Comments and advice welcome.  A certain amount of rude responses are anticipated and will be tolerated if the accompanying advice is good :-)

This is really a single question with a few subcomponents.


  • Main question - optimum method for removing underbody surface rust on an olde Toyota van.
    Sandblasting is the preferred method so far.

  • Sandblasting media - danger of using regular sand and reasonableness of use with due care.
    (Issue is silicosis).

  • Underbody access for sandblasting.

I'm in New Zealand.
I have acquired (quite possibly unwisely) an olde Toyota Townace van. 
(Main intended use is helping me deal with 35++ years of accumulation of 'stuff'). 

Rust location - underbody: It has what a rust removal expert says is superficial / surface rust scattered across the lower surface.The NZ warrant of fitness people have "orders from above" and are (I'm told and it very much seems) on a mission to drive such old vehicles off the road. (not physicallY).

The rust expert says the rust should remove OK.
Any non superficial rust can be repaired "properly" but there may be none. (One can hope). 

There is some upper body rust, but not so much as to be wholly daunting.  I intend to let experts do the trickier work, but would like to do what I can "easily enough" myself. 

Sand blasting?: I have been informed by people who may know that sandblasting is the best approach - with mechanical methods either producing smooth rust (power wire brush) or undesirable metal removal (grinder etc).I am relatively expert at overdoing things so would like to avoid making unneeded holes if possible. I have ordered an el-cheapo sand blasting gun which should arrive in the next day or few. (I have an air compressor).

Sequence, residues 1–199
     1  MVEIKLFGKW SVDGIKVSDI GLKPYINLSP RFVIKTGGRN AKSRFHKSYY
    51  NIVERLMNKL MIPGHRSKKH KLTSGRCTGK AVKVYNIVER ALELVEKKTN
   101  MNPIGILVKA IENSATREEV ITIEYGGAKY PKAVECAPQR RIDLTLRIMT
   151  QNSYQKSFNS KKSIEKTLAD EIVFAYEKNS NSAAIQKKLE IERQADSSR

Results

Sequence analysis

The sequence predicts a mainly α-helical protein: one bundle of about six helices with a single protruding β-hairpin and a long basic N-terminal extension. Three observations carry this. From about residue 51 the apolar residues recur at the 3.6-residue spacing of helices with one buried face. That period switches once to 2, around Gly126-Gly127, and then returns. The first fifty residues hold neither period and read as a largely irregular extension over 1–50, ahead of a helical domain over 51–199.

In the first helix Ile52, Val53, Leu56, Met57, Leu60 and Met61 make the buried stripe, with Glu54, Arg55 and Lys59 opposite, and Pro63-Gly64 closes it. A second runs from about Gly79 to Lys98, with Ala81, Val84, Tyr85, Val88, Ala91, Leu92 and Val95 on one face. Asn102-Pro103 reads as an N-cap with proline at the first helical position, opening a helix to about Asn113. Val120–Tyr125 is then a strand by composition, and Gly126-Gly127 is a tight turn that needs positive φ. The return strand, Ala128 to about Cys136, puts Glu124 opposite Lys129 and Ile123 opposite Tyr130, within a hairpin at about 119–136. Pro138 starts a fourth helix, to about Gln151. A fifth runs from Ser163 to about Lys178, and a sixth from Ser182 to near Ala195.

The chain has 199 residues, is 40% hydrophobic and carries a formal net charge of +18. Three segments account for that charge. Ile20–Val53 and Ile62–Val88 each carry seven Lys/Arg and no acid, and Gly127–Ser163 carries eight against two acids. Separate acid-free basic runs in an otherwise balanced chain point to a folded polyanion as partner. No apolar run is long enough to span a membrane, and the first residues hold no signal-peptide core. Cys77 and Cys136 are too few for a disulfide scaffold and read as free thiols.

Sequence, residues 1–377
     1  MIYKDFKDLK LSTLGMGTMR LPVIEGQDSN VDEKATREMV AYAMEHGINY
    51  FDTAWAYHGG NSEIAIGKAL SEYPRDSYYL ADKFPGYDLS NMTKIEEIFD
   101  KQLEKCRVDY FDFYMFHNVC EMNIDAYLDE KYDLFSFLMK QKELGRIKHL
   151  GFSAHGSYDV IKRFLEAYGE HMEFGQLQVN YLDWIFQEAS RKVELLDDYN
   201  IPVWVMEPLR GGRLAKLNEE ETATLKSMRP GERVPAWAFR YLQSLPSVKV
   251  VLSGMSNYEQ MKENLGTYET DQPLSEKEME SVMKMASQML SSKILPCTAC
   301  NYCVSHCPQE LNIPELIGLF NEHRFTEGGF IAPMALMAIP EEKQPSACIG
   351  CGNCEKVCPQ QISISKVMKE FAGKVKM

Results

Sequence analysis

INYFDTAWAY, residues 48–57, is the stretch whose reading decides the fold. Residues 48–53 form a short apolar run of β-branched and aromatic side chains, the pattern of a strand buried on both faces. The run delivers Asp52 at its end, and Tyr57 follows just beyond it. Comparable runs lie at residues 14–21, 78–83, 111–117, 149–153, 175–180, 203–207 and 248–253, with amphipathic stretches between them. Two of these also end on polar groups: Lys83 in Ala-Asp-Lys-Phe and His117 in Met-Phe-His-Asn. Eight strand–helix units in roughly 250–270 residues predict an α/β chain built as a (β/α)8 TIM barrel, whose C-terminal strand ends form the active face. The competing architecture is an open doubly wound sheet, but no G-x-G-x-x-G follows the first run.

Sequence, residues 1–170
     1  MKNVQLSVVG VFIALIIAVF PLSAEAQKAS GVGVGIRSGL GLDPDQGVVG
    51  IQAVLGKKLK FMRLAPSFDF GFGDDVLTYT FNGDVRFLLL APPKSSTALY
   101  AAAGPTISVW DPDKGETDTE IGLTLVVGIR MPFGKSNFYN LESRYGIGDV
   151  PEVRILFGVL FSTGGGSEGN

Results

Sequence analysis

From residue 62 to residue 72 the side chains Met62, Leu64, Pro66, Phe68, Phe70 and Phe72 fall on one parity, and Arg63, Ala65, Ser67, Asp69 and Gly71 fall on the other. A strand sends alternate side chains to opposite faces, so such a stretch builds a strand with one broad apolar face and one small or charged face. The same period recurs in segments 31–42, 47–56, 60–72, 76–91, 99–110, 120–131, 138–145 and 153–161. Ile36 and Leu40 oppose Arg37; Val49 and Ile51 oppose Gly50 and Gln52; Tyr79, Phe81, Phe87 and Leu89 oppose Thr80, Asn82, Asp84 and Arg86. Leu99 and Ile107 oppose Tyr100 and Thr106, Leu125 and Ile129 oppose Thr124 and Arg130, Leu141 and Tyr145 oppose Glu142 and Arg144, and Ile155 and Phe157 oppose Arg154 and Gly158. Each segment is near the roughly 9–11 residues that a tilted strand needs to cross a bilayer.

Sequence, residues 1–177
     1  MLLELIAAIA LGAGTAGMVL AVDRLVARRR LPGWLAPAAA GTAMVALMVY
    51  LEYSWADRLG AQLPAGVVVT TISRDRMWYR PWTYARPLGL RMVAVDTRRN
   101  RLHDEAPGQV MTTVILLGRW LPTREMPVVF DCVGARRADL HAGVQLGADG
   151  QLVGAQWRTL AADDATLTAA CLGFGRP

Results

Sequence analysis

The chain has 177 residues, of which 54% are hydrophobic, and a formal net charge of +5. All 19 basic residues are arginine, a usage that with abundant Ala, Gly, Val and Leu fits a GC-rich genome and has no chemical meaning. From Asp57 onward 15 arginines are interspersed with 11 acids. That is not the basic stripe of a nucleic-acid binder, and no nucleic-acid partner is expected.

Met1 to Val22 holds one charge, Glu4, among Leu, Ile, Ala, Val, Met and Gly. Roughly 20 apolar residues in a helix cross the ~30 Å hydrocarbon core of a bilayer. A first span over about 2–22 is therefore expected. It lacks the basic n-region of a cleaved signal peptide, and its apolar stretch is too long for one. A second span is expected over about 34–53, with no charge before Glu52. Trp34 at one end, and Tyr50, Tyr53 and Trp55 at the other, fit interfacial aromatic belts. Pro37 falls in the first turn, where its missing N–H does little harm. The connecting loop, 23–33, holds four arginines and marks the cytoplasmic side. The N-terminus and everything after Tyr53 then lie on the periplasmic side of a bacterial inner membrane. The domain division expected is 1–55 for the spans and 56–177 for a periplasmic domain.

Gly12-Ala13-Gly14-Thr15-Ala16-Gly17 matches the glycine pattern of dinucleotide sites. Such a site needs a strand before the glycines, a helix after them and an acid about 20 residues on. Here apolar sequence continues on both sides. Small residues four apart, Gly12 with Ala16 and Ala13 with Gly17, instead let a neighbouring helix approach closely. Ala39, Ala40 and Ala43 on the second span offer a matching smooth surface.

Media: The obvious sand blasting material is completely shunned and decried "normal everyday sand", due to silicosis issues. I feel that the use of a full hood and external air feed should be adequate for such a relatively small job.
Comments on this feeling are most welcome.

People are charging really silly amounts at retail outlets for more approved materials (garnet, metal powders, glass, ... many more)  I have no idea of the amounts needed. I'll be doing (if it works) under body and some interior floor etc.

Ironsand - iron oxide only: I have access to ironsand which contains substantial iron oxide. I wondered how the magnetic component of iron sand would work - with suitably careful removal of non-magnetic silica. 

Commercial sandblasting not an option: I inquired of people doing commercial sandblasting. I'll try others but the order of cost suggested was beyond all reason (or there is a vast amount I don't know). 

Underbody access: This could be a seperate question if desired.

I have neither pit nor hoist readily available. I could arrange a modest ramp system that allowed easy crawl access (and may even be safe) but the idea of sandblasting vertically in a confined space is unattractive. Even in a pit or on a hoist is not overly attractive.
I am attracted by the possibility of tilting the vehicle at an angle. Details as to how are another subject but safety and lack of damage to the vehicle are part of the target. Doing this would seem to be liable to present a much more easily accessed work surface. Comments on this crazy idea are welcomed.

  • 1